Youth of Light

The Jerusalem Post - The Jerusalem Post Magazine - - CONTENTS - • By MAX­INE LIPTZEN DOROT

The Youth of Light Project is a “so­cial busi­ness” that helps teens in Is­rael who have lost their way. It is a glow­ing suc­cess. As a psy­chol­ogy stu­dent in Tel Aviv Univer­sity, 24-year-old Ran Oren took part in a men­tor­ing pro­gram called “Perah.” He was as­signed to help Sagi, a 12-year-old boy who was hav­ing trou­ble in school and came from a dif­fi­cult home. Af­ter their year of work­ing to­gether, they lost touch un­til two years later in the sum­mer of 1999. Out of the blue, Ran got a phone call from Sagi, who told him that af­ter be­ing in a suc­ces­sion of fos­ter homes and amass­ing a po­lice record along the way, he was home­less.

Ran met him in Tel Aviv, and af­ter talk­ing to Sagi’s mother and then his par­ents, in­vited Sagi to live with his fam­ily and also of­fered him a job in their re­tail busi­ness. Sagi then in­tro­duced Ran to his world, where he met street kids who had been lost in the coun­try’s so­cial ser­vice sys­tem and given up on. He was shocked and sick­ened by what he saw: young teens sleep­ing on the floors of aban­doned build­ings, roam­ing the streets, pan­han­dling for change or for cig­a­rettes and raid­ing the garbage of the nearby Mc­Don­alds. They were high on drugs and al­co­hol and their fu­ture was grim. Ran de­cided he had to do some­thing but wasn’t sure what or if it was even pos­si­ble. Af­ter lots of think­ing, he came to the con­clu­sion that the best way to help was to get these kids work­ing, hav­ing seen the pro­found ef­fect Sagi’s job had had on him in a rel­a­tively short time.

As a stu­dent, Ran had learned about Pa­trizio Pao­letti, a vi­sion­ary Ital­ian ed­u­ca­tor whose world­wide foun­da­tion is com­mit­ted to en­cour­ag­ing and helping each per­son to de­velop his/her full po­ten­tial via ed­u­ca­tional projects, life­long learn­ing and so­cial in­te­gra­tion. The Foun­da­tion con­ducts re­search in neu­ro­sciences and psy­cho-ped­a­gogy with uni­ver­si­ties all over the world, in­clud­ing Is­rael’s Bar-Ilan Univer­sity.

Ran went to Italy and met with Pa­trizio Pao­letti to get ed­u­ca­tional sup­port (and later fi­nan­cial aid). Ran was now ab­so­lutely con­vinced that the best way to mo­ti­vate and help these kids was what he had done to help Sagi who was now thriv­ing: give them jobs, a rea­son to wake up in the morn­ing, a sense of pur­pose, sat­is­fac­tion and, the ic­ing on the cake, a salary. A sim­ple busi­ness was needed, one that taught a skill that was easy to mas­ter and one in which you could see re­sults in a short time. But what would that busi­ness be?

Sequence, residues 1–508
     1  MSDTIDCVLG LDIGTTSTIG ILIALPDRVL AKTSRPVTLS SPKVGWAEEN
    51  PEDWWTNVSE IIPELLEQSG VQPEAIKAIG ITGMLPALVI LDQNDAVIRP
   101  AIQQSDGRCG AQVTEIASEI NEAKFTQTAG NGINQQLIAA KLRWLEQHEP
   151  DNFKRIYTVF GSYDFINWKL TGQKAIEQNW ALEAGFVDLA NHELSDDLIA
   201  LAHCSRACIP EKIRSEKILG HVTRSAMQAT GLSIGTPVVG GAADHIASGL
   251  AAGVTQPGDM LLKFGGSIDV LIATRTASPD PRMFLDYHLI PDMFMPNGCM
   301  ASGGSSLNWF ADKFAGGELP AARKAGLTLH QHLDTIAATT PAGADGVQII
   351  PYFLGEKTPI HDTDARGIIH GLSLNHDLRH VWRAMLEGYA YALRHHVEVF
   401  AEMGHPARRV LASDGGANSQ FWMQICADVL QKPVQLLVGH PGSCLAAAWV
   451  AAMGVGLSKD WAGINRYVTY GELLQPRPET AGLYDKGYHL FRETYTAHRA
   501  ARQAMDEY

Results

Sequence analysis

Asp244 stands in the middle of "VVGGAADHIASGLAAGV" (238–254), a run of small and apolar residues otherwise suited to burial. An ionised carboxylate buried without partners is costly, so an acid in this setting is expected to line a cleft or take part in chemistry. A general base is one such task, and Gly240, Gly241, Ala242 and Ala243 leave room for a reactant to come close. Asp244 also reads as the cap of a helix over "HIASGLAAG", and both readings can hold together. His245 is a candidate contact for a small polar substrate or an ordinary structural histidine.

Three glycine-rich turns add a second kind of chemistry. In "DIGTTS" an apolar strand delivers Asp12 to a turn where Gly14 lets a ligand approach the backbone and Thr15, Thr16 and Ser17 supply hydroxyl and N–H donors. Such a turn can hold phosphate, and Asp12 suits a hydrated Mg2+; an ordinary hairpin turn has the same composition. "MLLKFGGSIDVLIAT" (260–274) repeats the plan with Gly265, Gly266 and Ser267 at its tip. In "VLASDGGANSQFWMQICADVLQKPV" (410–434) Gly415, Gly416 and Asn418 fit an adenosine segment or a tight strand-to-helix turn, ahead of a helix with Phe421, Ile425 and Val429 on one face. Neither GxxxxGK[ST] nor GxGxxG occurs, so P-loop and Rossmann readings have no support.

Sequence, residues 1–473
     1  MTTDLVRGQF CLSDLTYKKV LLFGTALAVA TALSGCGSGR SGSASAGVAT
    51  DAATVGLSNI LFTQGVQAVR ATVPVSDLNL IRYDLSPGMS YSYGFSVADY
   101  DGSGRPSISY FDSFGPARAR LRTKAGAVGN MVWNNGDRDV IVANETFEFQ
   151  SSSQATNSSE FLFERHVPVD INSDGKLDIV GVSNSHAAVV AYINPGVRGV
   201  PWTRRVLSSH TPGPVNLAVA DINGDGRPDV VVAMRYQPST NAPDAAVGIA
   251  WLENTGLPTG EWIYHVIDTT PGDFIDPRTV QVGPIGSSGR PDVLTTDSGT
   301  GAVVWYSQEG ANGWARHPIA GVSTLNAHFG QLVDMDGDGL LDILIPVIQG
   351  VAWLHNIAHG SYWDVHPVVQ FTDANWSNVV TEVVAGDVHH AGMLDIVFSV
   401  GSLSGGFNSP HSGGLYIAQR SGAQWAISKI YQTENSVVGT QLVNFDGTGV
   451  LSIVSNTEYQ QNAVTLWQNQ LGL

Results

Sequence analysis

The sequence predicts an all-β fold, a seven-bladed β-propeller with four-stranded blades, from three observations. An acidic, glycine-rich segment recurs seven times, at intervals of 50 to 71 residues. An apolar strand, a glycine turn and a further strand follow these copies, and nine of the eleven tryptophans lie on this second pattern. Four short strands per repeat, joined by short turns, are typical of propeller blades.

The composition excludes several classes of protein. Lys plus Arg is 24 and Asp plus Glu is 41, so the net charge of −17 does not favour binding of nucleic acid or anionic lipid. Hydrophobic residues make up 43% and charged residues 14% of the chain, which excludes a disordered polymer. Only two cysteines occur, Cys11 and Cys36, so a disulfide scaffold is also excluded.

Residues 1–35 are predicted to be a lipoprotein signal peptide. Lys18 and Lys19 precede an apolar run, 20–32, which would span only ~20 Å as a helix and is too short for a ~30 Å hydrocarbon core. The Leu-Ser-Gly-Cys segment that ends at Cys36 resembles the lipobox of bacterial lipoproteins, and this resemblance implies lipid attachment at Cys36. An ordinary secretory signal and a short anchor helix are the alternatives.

In a Her­zliya res­tau­rant not long af­ter his re­turn from Italy, Ran no­ticed can­dles on ev­ery ta­ble, the wax flow­ing over the sides. He asked the man­ager what they did with the wax and was told that they threw it all out. Ran asked if he could have the ex­cess wax and a week later, was pre­sented with sev­eral large boxes. Ran’s busi­ness idea was to make can­dles, a skill nei­ther he nor Sagi nor any­one else who had hooked up with Ran knew any­thing about. Sagi and 24-yearold As­saf Per­sia went to can­dle-mak­ing work­shops, peeked through doors and win­dows of those they were re­fused en­try into, and learned all as­pects of can­dle mak­ing. Keep in mind that in those days there was no In­ter­net, so Sagi and As­saf re­lied a lot on trial and er­ror to per­fect the craft un­til, fi­nally, “Youth of Light” was born.

The first group was in Jerusalem. When asked why not in Tel Aviv, Ran ex­plained, “Let’s say there are 1,000 home­less kids in Tel Aviv, in Jerusalem, there are 5,000. I’m throw­ing out num­bers, they’re far from ac­cu­rate, but the point is Jerusalem is worse than Tel Aviv, loaded with at-risk kids from ev­ery strata of so­ci­ety, in­clud­ing those who come from ul­tra-Ortho­dox fam­i­lies who were thrown out of their homes when they de­cided not to be re­li­gious any­more. There are also many Arabs, Ethiopi­ans and Rus­sian kids with nowhere to go, so this was our first project.

“We got do­na­tions from the Pao­letti Foun­da­tion, Tz­i­unut 2000, the phi­lan­thropist Stef Wertheimer and the Jerusalem Mu­nic­i­pal­ity. I also put in what I could. Motty Levy, a Jerusalem con­trac­tor who had a big ranch in Jerusalem, of­fered to give us a car­a­van on his ranch to work in and the kids were given places to sleep nearby. The Dan Bus Com­pany do­nated a car, which we used to drive up and down the streets where Jerusalem’s home­less kids con­gre­gated, ar­bi­trar­ily pick­ing them up and feed­ing them.

“We in­tro­duced them to the idea of mak­ing can­dles and ex­plained to them that they would learn how to take some­thing of seem­ingly no value and turn it into some­thing of great worth,” he said. “‘Look,’” we said, “‘here’s an op­por­tu­nity to work, get paid and cre­ate some­thing in the process. Just show up, no ques­tions asked.’”

“Word of mouth did the trick and our group grew,” Ran said. “When kids didn’t show up for work, we looked for them. Some days, they were too spaced out to man­age, but slowly and surely, I’m proud to say, most of our kids be­came clean. We con­cen­trated on be­ing a ‘so­cial busi­ness,’ i.e., our main goal was and still is mainly not to make money, but to help peo­ple, not only like our kids at risk, but any group, phys­i­cally chal­lenged, men­tally chal­lenged, etc., by giv­ing them the life skills that’s needed to suc­ceed in life.”

Af­ter get­ting glow­ing (no pun) recog­ni­tion from Pres­i­dent Reu­ven Rivlin, many cities ap­proached Ran Oren, ask­ing him to open a group in their city. Ashkelon was even­tu­ally cho­sen, since the need there was great, and with the mu­nic­i­pal­ity’s sup­port, in­clud­ing gen­er­ous back­ing from the city’s Youth’s Re­ha­bil­i­ta­tion Of­fice, a 120-sq.m. build­ing, the sec­ond “Youth of